Tag Archives: music

Module 2 Post 20 (Triple Metre)

Triple Metre

A triple metre is unique because it has only 3 sections of primary beats. Some of the time signatures related to the triple metre include 3/4, 9/8, 3/2 and a lot of others. When counting these rhythms it’s a good idea to remember that in these time signatures, there are only 3 primary beats. This means that you can stay in count by counting 1, 2, 3.

Module 2 Post 19 (Swing Rhythm)

Swing Rhythm

Swing is a rhythm technique commonly used in jazz music. It is formed by shortening and extending certain beats in a piece. A note with swing rhythm is really just a dotted eighth note and a sixteenth note. For example let’s use a paired 8th note as an example, the first eighth note will be turned into a dotted eighth note to extend the beat while the second eighth note will be shortened into a sixteenth note. This is the basic rule of thumb to understand swing rhythm: extend the first note, shorten the second note.

Module 2 Post 18 (Half-time)

Half-time

Half-time is a tempo/meter change where the time signature doubles in tempo. If a piece is 4/4, the half time for that is turned to 8/8. Although it’s called “half-time” the piece doesn’t accelerate in speed, there’s just more notes in each measure. Half time is very prominent in the climax of a classical piece and jazz music, specifically jazz solos.

Module 2 Post 17 (Counting)

Counting in Music

In music, counting is very important. Counting reflects your performance as a musician. In a quartet, orchestra, band, jazz solo or chamber music group counting music is very important. In music, musicians always count the downbeat ( 1-e-and-a-2-e etc.). Time signatures like 3/4 are usually counted as 1,2,3 (repeat). For compound meter signatures like 6/8 are counted as “1 and a 2 and a”. The counting style depends purely on the time signature.

Module 2 Post 16 (Ragtime time signature)

Ragtime

This page discusses ragtime in general. Ragtime is usually played in a 3/4 beat just like all waltz-eque music. Ragtime is known for having a syncopated rhythm or “ragged” rhythm. Now what is syncopation? Syncopation is when notes that are “unimportant”  are emphasized with volume. For example in a 4/4 time signature, the important notes would be the 1st and 3rd notes. If the 1st and 3rd notes were emphasized or stressed in an important ragtime measure, the piece would be bland. To add more exciting taste to the piece composers have syncopated the important measures by emphasizing on the 2nd and 4th notes. This is what ragtime and syncopated music is all about.

 

Module 1 Post 15 [ Chromatic Scale]

Chromatic Scale

A chromatic scale has twelve different pitches with semitones in between. C Major goes like this: C,D,E,F,G,A,B and then C. But C Major Chromatic scale goes like this: C,C#,D,D#,E,F,F#,G,G#,A,A#,B and C. A normal scale has 7 different notes while the chromatic scale has 12 different notes. I will use this page to memorize the chromatic scale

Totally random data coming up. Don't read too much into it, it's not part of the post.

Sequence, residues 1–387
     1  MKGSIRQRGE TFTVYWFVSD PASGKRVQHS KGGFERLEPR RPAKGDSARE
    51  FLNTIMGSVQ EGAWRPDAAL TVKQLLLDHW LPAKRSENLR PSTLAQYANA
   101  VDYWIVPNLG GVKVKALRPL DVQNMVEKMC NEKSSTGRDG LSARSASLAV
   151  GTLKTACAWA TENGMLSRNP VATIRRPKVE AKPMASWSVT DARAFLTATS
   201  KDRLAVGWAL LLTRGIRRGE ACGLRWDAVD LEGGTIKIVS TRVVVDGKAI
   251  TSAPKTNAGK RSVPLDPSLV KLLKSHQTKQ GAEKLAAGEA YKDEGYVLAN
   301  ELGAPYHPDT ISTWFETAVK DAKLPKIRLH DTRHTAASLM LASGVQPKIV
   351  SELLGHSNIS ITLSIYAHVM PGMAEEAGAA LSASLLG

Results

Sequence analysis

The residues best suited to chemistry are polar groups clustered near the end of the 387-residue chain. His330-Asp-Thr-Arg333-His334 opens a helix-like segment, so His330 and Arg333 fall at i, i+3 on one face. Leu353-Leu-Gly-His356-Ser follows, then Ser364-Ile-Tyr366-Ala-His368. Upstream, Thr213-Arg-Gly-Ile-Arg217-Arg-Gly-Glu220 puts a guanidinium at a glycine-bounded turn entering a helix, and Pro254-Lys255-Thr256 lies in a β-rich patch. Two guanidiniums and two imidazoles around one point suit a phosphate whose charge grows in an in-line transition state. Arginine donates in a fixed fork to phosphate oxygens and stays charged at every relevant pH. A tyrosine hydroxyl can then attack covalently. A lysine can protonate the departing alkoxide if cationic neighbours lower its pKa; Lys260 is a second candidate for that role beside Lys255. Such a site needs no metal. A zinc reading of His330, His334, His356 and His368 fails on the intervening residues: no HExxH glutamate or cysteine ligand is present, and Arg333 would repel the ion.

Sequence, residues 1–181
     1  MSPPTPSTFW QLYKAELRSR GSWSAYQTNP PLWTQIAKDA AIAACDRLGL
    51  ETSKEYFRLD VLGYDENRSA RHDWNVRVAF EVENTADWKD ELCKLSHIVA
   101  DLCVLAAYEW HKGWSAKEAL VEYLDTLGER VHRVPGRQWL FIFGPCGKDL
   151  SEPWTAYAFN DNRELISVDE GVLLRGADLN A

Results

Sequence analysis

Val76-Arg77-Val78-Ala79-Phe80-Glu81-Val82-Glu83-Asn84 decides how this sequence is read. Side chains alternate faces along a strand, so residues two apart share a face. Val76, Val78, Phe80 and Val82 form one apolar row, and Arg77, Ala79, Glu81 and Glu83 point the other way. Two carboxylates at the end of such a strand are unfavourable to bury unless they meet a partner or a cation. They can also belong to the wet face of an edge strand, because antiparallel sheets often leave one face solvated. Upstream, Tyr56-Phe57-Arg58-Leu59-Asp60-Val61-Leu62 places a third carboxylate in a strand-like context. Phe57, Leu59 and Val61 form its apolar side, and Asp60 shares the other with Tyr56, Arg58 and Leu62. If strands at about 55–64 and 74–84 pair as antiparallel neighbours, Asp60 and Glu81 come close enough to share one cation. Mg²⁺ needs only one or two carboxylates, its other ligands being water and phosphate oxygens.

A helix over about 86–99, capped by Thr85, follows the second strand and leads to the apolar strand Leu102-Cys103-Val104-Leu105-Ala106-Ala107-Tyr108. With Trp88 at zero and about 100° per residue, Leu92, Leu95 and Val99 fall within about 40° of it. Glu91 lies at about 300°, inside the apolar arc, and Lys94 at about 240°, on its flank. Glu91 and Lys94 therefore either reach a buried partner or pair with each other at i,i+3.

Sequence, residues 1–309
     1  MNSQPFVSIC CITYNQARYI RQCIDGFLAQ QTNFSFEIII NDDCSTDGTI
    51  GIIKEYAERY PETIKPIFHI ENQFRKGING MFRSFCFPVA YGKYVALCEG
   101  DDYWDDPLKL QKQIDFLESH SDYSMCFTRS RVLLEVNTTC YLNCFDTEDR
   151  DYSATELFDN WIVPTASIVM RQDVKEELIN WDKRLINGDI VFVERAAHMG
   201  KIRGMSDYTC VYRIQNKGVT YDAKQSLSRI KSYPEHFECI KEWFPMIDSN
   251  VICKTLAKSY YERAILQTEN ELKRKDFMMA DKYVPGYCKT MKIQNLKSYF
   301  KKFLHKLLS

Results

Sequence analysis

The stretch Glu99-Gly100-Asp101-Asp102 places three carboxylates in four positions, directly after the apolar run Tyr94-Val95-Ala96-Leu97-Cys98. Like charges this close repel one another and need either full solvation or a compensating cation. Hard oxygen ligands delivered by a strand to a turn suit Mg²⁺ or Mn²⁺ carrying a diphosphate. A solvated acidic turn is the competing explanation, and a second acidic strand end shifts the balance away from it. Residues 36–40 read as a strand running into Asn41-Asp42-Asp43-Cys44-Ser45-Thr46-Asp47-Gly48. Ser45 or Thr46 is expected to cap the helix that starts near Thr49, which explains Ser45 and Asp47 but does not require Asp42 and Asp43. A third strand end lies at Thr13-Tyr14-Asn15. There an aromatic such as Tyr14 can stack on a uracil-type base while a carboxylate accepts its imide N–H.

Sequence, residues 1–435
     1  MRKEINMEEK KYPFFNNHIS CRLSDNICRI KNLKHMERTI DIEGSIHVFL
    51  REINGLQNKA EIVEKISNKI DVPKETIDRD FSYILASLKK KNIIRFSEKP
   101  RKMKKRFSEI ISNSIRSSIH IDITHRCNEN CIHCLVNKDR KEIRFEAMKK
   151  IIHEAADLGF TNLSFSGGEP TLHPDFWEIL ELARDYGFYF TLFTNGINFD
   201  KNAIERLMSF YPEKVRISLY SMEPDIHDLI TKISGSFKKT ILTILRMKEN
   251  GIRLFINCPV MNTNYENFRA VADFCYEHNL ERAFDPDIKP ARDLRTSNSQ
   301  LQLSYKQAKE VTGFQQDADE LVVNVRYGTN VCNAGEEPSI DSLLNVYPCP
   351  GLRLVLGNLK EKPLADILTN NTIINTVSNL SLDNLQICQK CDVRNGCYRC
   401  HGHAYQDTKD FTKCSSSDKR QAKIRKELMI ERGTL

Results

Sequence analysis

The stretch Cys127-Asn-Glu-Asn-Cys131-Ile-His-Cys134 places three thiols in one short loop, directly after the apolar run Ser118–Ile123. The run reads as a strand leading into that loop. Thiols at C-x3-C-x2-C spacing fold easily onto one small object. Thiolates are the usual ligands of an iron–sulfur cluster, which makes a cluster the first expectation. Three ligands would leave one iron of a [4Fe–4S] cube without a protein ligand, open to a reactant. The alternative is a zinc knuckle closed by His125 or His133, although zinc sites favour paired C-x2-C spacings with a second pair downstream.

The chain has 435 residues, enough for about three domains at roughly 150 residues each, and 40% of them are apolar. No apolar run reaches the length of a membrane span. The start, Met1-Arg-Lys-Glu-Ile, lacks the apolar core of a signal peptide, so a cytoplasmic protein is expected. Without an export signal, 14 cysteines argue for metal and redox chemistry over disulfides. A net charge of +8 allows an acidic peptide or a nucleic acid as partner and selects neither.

Module 1 Post 14 [ Augmented Fifths ]

Augmented Fifths

The augmented fifth is the fifth interval of a scale. There are 3 types of fifths. Let’s use C major as an example, the fifth note or dominant in the C major scale is G. A perfect fifth for C major is G, diminished fifth for C major is G flat and finally the augmented fifth is G#. An augmented fifth is an interval that has been widened from the perfect fifth. (A turns to A#, B turns to B# etc.) I will use this page to go more in depth to fifths.

Module 1 Post 13 [ Triads ]

Triad

A triad chord has three notes: a root, a third and a fifth. The root depends on the scale name. Lets use C major as an example, the root would be C. The third can be either a minor third or a major third, if it was a minor third I would use E flat. I will use E as the third. Next is the fifth. There are many types such as a diminished fifth, augmented fifth, and perfect fifth. For simplicity’s sake I will use the perfect fifth of C major: G. If I put all these notes together, C,E and G, this will make a major triad. If the notes were C, E flat and G, it would be a minor triad. I will use this page to gain more knowledge on triads.

Module 1 Post 12 [ Degree ]

Degrees

In music there are degrees, just like in math there are numbers. In total there are 7 degrees: the tonic, the supertonic, the mediant, the subdominant, the dominant, the submediant and the leading tone. All of these make up a normal scale. Lets use the C Major scale as an example. The tonic is C, the supertonic is D, the mediant is E, the subdominant is F, the dominant is G, the submediant is A, the leading tone is B and the scale ends on the tonic, C. These combinations of notes make up the C major scale. I will use this page to memorize the scale degrees.

Module 1 Post 11 [ The Diatonic Scale]

Diatonic Scale

The diatonic scale has 7 different “modes”. Ionian, Dorian, Phrygian, Lydian, Mixolydian, Aeolian and Locrian. Ionian scales start on the tonic note (C major Ionian scale starts from C to C), Dorian scales start on the super tonic (C major Dorian starts from D to D), Phyrgian scales start from the mediant (C major Phyrgian starts from E to E), Lydian starts from the subdominant ( C major Lydian starts from F to F), Mixolydian starts from the dominant ( C major Mixolydian starts from G to G), Aeolian starts from the submediant ( C major Aeolian starts from A to A) and Locrian starts from the leading tone (C major Locrian starts from B to B). This is sort of like how math has numbers. I will use this page to memorize all the diatonic modes.